It is hard to believe that a major listed company was started with capital of just $60, but that is the exact amount that Phillip Lance used to start snack food giant Lance Inc. (LNCE) in 1913.
The company, which started out offering roasted peanuts and hand-packed peanut butter spread on crackers, has since expanded to cookies, potato chips, crackers, sugar wafers, nuts, restaurant style crackers and other products through North Carolina, Iowa, Georgia, Massachusetts, Texas, Florida, Ohio, and Ontario and Canada.
Trading on a dividend yield of around 3%, the company has paid a dividend every year since 1972. This includes special dividends declared in nine of those years.
Reporting second quarter results in July, the company showed that the snack food industry had proven resilient delivering net revenue of $235.4 million, flat on the $236.4 million delivered in the corresponding 2009 quarter. Solid sales, focused expense control and continuing efficiency gains drove these results, which were outstanding given the economic situation.
The first quarter of the year was disappointing, but the company is certainly back on track to achieve its earnings targets and deliver results.
Lance (LNCE) has also been good at developing strong cash flows through its business. Despite the global financial crisis the group grew its cash from operations to $22 million in the last quarter. Cash flows from operations for the full 2009 year came in at $69 million, which represents a price to cash flow of around 10 times.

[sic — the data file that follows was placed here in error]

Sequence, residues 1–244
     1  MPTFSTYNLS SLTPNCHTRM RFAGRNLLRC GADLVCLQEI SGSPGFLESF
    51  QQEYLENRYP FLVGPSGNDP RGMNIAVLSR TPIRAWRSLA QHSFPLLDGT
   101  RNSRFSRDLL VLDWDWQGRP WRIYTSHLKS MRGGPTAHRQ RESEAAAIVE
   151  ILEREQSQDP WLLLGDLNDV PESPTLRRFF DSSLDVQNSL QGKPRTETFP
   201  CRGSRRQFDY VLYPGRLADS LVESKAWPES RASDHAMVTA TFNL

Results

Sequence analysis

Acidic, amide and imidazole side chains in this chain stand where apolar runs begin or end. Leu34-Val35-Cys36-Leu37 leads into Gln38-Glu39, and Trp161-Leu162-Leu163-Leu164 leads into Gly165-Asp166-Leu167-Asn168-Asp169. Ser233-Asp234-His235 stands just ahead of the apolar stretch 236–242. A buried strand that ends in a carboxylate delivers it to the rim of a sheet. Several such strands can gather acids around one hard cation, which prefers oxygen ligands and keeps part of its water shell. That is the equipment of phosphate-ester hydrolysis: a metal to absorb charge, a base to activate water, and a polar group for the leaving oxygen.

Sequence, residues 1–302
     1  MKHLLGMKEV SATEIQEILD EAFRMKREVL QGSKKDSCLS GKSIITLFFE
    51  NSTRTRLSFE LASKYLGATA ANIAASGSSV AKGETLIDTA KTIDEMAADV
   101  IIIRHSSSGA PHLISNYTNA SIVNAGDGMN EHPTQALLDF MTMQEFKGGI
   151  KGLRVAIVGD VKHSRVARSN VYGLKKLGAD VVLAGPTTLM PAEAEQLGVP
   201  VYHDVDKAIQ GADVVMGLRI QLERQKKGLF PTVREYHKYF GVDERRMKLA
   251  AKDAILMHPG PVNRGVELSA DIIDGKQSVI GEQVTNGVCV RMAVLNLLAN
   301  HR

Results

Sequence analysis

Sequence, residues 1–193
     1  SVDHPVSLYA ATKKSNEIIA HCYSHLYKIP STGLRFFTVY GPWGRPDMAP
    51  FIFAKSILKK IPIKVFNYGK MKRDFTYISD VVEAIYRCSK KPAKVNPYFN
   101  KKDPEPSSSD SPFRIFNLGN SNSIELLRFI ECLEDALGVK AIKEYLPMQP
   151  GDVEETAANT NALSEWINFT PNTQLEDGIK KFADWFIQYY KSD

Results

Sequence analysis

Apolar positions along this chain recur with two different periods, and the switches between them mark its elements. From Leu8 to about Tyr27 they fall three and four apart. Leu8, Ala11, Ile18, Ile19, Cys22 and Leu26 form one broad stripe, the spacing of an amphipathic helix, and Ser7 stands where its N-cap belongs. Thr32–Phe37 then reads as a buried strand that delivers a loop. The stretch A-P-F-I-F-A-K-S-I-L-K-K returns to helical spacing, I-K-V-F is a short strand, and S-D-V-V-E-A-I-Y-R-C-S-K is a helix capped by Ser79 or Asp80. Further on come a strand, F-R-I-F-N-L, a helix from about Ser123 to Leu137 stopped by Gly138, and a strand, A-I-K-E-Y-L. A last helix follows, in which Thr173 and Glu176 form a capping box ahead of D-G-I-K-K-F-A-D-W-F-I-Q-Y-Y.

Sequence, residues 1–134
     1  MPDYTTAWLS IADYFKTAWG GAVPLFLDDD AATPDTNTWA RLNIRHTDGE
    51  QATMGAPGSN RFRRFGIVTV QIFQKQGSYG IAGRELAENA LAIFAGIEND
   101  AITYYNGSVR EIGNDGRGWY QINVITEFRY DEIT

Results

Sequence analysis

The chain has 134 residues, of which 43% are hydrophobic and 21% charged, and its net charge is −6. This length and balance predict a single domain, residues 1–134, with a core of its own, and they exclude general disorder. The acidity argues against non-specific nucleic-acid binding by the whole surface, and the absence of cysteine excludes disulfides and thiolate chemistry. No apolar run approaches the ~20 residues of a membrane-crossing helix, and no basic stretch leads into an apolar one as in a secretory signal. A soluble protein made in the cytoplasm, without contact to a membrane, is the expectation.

Prospects for the company look good going forward as the firm in the throngs of completing a merger with competitor Snyder which they announced in July. Snyder is a privately held company that is the largest manufacturer of pretzels in the United States.
The merger allows Lance (LNCE) to create a stronger company that creates value for shareholders with a broad line of leading snack food brands supported by a strong national Distribution system. The combined company will be called Snyder's-Lance, Inc.
While Lance (LNCE) doesn't have the same market-leading appeal as some of its more illustrious food manufacturing competitors, such as Pepsico (PEP) or Kraft (KFT) the company has shown an innovative approach to growth and a willingness to return money to shareholders over the past several decades.